Ploughman's Lunch: Crudite and Charcuterie Platter

Start to finish: 10 minutes / Serves: 1-2

Directions

Chop and arrange your favorite Alaska grown vegetables and Alaska-cured milano salami and prosciutto. Throw in some tasty cheeses to round out the platter.

Share or don't.


(Rejoy Armamento / Alaska Dispatch News)

Banker's Bento Box: Vegetable and Tofu Stir Fry (adapted from Marzia at Little Spice Jar)

Start to finish: 30 minutes / Serves: 3-4

Ingredients

1  3.1-ounce bundle dried soba noodles
1  14-ounce package firm or extra-firm tofu
1 tablespoon cornstarch
1 tablespoon sesame oil
tablespoons freshly grated ginger
tablespoons minced garlic
1 tablespoon rice vinegar
3 tablespoons soy sauce
¼ teaspoon red pepper flakes
3 tablespoons brown sugar
1 tablespoon cornstarch
2 tablespoons water
2  fresh scallions
1  hard boiled egg

Directions

1. Prepare soba noodles per package instructions—typically cooking in boiling water for 4 minutes and draining before running cold water over cooked noodles. Set aside.

2. Place a paper towel folded in quarters on a plate. Remove the tofu from the package and place the tofu on top of paper towel. Place another folded paper towel on top. Place a flat surface, such as another plate or a cutting board, on top of tofu and two 28-ounce cans or anything that weighs 2-3 pounds to help remove the water from the tofu. Let the tofu drain for at least 15-20 minutes.

3. Once dry, cut the tofu into 1-inch cubes and toss cubes with 1 tablespoon of cornstarch.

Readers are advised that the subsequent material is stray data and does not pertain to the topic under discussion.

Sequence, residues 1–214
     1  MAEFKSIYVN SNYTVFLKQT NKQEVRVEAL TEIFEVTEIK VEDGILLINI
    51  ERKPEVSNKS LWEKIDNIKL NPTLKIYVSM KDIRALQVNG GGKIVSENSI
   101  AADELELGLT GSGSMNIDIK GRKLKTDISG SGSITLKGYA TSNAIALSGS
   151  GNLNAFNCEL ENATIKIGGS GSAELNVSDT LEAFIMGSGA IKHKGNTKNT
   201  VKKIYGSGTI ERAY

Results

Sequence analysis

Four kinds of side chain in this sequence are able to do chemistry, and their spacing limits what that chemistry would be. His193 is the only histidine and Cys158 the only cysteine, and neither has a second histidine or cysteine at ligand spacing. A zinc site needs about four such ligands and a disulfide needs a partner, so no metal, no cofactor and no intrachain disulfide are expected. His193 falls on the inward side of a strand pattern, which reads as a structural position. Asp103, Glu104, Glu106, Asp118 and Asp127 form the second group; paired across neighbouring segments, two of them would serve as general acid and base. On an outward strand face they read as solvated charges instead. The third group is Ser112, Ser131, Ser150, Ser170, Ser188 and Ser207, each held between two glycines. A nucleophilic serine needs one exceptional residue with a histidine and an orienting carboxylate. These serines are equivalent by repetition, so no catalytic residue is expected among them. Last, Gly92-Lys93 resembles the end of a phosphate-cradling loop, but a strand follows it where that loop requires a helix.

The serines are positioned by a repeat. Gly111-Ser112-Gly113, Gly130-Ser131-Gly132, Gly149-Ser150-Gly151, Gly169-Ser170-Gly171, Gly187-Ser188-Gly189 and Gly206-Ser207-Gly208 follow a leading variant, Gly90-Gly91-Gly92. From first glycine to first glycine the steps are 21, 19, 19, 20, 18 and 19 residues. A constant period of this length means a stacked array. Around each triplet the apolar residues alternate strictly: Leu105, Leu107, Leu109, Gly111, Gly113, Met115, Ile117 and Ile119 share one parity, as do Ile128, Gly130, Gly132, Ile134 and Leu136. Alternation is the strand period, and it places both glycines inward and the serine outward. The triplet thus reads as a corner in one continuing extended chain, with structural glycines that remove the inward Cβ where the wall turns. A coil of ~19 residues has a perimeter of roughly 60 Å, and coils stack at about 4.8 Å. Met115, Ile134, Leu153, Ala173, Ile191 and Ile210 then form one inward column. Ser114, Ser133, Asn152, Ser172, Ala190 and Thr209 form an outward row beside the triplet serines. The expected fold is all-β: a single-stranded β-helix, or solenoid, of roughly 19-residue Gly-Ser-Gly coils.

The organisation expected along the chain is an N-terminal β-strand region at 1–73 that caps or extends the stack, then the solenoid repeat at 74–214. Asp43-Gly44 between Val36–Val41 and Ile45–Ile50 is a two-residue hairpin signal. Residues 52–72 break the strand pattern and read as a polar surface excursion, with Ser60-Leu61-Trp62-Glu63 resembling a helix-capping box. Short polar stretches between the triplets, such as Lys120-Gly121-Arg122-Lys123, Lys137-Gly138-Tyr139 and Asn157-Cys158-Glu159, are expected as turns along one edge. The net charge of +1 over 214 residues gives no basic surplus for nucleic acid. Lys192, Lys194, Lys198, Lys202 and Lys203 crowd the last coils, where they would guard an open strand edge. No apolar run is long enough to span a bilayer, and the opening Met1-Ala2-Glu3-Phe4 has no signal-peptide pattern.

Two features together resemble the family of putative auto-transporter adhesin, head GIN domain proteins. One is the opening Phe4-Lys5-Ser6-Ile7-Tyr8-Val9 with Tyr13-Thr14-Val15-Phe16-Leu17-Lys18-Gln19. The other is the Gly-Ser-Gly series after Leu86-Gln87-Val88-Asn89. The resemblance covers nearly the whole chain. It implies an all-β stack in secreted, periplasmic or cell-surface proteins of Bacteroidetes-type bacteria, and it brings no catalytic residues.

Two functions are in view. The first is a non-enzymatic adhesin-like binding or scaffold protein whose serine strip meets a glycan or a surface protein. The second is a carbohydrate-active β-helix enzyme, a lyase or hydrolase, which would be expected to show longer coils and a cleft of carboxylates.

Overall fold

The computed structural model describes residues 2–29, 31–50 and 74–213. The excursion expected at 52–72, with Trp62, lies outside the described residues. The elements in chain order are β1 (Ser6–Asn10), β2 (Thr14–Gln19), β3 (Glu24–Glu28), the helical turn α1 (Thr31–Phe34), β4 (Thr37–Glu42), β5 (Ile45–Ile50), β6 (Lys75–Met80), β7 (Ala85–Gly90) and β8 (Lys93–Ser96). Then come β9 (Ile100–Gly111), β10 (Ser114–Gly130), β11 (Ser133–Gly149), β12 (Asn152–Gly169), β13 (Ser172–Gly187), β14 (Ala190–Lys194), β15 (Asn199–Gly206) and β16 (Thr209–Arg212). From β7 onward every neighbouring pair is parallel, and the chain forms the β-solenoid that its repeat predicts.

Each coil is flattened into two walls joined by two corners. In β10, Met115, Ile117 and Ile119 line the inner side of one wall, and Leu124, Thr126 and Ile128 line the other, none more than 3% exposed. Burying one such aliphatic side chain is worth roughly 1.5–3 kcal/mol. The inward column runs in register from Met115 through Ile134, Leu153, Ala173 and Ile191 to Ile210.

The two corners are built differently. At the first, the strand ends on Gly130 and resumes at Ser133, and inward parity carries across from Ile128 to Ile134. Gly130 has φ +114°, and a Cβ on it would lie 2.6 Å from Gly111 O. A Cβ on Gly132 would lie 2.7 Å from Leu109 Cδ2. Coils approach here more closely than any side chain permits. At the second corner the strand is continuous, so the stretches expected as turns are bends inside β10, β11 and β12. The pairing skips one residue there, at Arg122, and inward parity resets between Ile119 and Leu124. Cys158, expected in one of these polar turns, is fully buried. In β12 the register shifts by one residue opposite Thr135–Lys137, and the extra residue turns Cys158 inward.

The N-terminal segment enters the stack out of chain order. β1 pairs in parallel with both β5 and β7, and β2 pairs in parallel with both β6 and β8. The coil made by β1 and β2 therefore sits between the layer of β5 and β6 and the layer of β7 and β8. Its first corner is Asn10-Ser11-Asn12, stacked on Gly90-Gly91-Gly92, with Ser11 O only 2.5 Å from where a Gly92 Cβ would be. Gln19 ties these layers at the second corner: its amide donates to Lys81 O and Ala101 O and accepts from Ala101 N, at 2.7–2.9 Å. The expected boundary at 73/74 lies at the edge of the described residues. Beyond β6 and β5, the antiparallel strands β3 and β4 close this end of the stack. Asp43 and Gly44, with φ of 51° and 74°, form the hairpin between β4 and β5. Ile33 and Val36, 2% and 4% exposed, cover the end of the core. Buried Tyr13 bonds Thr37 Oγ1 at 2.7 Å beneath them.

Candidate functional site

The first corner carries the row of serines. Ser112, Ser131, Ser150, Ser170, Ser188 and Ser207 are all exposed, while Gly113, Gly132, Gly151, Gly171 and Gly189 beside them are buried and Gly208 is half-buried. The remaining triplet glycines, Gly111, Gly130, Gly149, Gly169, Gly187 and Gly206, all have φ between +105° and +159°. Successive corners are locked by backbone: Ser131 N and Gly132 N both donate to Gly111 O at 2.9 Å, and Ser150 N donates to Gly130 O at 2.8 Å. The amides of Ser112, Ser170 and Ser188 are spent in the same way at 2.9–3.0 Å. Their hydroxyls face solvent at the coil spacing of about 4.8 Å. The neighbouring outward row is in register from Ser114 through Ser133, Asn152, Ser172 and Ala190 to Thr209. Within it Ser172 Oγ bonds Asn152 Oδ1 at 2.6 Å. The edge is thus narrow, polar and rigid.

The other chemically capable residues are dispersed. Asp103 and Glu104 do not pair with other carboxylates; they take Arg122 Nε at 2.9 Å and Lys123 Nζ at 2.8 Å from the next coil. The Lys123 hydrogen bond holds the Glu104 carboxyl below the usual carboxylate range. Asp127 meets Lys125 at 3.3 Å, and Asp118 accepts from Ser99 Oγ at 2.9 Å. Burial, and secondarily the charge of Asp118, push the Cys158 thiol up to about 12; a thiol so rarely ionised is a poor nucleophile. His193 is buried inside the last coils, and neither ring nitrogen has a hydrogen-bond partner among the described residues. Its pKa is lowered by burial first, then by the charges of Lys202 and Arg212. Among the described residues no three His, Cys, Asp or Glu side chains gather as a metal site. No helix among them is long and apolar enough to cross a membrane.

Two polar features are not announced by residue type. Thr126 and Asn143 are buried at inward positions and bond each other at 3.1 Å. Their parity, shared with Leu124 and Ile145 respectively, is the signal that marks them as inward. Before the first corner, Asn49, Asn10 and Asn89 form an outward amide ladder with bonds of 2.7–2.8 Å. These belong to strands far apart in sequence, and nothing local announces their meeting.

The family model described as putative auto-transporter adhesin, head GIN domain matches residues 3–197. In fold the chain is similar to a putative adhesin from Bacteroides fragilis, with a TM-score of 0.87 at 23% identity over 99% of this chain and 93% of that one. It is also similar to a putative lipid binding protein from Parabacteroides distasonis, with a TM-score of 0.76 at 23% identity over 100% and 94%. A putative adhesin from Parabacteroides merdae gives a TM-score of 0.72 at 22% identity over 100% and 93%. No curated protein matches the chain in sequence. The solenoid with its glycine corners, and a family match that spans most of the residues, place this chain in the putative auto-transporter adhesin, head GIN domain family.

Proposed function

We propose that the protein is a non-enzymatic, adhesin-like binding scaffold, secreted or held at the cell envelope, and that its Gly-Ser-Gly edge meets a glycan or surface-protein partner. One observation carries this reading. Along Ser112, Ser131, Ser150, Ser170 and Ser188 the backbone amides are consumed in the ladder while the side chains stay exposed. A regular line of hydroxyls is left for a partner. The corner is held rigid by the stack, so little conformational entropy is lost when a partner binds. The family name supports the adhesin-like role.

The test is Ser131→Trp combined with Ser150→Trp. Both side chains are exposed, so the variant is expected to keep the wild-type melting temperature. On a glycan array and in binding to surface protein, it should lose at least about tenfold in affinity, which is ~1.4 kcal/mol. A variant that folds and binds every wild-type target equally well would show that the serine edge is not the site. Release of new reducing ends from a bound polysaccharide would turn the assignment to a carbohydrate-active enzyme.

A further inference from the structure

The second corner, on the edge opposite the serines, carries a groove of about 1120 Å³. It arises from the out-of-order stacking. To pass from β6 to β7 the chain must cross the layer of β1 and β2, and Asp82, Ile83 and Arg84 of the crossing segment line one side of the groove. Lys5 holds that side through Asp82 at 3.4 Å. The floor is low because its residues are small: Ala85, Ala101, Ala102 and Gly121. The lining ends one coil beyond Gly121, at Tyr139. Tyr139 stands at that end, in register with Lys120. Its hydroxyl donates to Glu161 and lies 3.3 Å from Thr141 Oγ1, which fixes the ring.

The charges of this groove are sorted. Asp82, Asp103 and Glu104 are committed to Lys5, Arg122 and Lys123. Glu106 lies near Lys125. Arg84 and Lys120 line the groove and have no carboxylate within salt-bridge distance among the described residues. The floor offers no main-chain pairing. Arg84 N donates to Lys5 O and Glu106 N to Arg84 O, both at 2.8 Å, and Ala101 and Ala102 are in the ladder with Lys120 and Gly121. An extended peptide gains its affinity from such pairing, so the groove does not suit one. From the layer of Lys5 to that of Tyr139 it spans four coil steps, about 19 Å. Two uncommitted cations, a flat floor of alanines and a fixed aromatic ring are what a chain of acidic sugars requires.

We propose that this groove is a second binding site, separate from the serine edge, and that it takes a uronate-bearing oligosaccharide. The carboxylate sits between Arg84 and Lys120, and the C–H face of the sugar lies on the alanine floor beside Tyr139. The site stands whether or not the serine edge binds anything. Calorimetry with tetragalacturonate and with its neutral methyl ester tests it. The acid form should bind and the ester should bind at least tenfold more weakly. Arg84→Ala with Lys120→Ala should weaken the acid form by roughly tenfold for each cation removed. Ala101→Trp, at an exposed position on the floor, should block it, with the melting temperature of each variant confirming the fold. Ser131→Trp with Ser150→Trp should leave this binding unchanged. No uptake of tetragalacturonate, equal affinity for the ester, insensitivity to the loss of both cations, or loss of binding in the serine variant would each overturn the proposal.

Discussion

4. Combine sesame oil, ginger, garlic, rice vinegar, soy sauce, red pepper flakes, brown sugar, cornstarch and water in a blender or food processor and blend until completely smooth. Set side.

5. Heat 2 tablespoons of oil in a large skillet over medium-high heat. Add the cubed tofu to the pan and let fry for 3 minutes, flipping the tofu to brown all sides. Add the prepared sauce to the tofu and allow to cook for an additional 2-3 minutes. When the tofu is caramelized, remove to a plate.

6. Place noodles in bottom of dish and top with ginger-soy tofu, scallions and hard boiled egg.


(Rejoy Armamento / Alaska Dispatch News)

Journalist's Jar: Farro Salad

Start to finish: 35 minutes / Serves: 4

Ingredients

1   16-ounce package farro
1   cucumber, either halved with seeds removed or an English-long variety, diced
1   9.5-ounce jar Kalamata olives, halved
1   16-ounce container cherry or heirloom tomatoes, halved or quartered
1   4-ounce container feta cheese, crumbled
1   5-ounce bunch of mixed greens, arugula or spinach

Directions

1. Cook farro according to package—typically add 1 part farro to 2 parts water and bring to a boil. Cover and reduce to simmer for 20-30 minutes.

2. Layer cucumber, Kalamata olives, tomatoes, feta and greens  into mason jar or other container, adding as much of each ingredient as preferred.

3. Serve with favorite dressing, or a drizzle of olive oil and balsamic vinegar.

These recipes were first published in 61°North – The Food Issue. Contact the editor, Jamie Gonzales, at jgonzales@alaskadispatch.com